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  #1  
Old 04-11-2006, 08:47 AM
Nu-Look Nu-Look is offline
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Join Date: Apr 2006
Location: Western Pa.
Posts: 6
Sealcoat, then apply sand ?

I do not want to start any fights, but i have been sealing 3 of my family owned steep driveways @ 800 ft long each with an old rotary screw drive pump that will not spray a sand mixture. While the coal tar mixture is still wet i apply the sand then mist another light coat over it to seal it in. It may not be as good as a pro job but it is not slippery, just an idea for those trying to get into the business for which i am not, I am only trying to preserve my pavement.
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  #2  
Old 04-25-2006, 12:15 PM
Budget Budget is offline
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Join Date: Jan 2006
Location: Pa.
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Are you putting on sand or Blackbeauty?
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  #3  
Old 04-25-2006, 02:41 PM
Nu-Look Nu-Look is offline
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Location: Western Pa.
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I used clean masonary sand, silica sand is what everyone else seems to use, also i was told black beauty has iron ore in it that could possibly lead to rust spots on the driveway. Maybe some else could shed some light on this.
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  #4  
Old 04-25-2006, 04:17 PM
1dhicks 1dhicks is offline
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Join Date: Apr 2006
Location: lynchburg va
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i was thinking of a similar idea, i just cant figure out the best seaqler to use or where to buy. i have a square tank that will be agitated by recirculation and im not looking to spray with sand at this time. any ideas?
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  #5  
Old 05-04-2006, 10:25 AM
joeE joeE is offline
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Join Date: Jan 2006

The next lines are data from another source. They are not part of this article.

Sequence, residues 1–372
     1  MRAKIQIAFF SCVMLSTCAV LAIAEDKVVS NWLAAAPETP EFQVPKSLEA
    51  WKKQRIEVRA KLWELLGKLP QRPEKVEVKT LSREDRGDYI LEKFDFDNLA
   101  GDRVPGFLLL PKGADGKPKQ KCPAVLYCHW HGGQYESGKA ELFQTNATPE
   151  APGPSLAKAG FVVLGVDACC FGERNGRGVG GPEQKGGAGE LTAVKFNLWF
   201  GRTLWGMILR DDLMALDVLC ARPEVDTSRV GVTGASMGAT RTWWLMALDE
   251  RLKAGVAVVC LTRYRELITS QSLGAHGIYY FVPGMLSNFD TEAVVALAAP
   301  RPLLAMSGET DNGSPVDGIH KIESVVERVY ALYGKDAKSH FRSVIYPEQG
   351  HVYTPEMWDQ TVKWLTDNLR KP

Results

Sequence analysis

Location: NW lower MI
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Broadcasting sand is not the best method but it is way better than no sand at all. Its hard to get an even spread, and walking, hose dragging and so on can mess up your spread. It will roll out a little sooner.
The same is true of black b. It is a boiler slag that lays somewhat flat and is very hard. I think it may be harder on your equipment while producing a lesser job.
Silica sand comes in many forms. You want a #1 angular cut in a # 50 size. Other types are more rounded like the stuff in sand blasters which is very round. That wont do much for traction and some is coated with extra silica that will cause early roll out. A grass seed spreader will produce a even spread of sand.
Nulook has a very good idea for the homeowner or someone that dose a few drives per year. If you are doing a few hundred drives per year, that extra time for brodcasting sand will quickly add up. Food for thought.
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  #6  
Old 05-04-2006, 06:48 PM
SealAndCoat SealAndCoat is offline
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Join Date: Jul 2005
Location: Hartford Area, CT, Connecticut, North America
Posts: 58
I dont know if that would work. I've never tried it, but, sand in sealer needs to be 100% dry and slowly added into the mix of the sealer to absorb as much of it as possible. Im not sure if just tossing it on the driveway is going to do much. What if you get it too thick in some spots? The sealer wont stick and it will eventually peel or flake off.
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  #7  
Old 05-04-2006, 09:31 PM
PPClockworks PPClockworks is offline
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Join Date: Mar 2006
Location: Tulsa, OK
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This will cause what is called sand roll off. You will find it on he edge or the side of the driveway especially after a good rain. Also when people drive or walk on the driveway the sand will pop. It needs to be mixed into the mix so it absorbs the product and dries with the sealcoating. If you have a steep incline that is where you really need a heavy sand load of upwards of 5lbs. per gallon. If it worked for you go for it but I haven't found this very successful.
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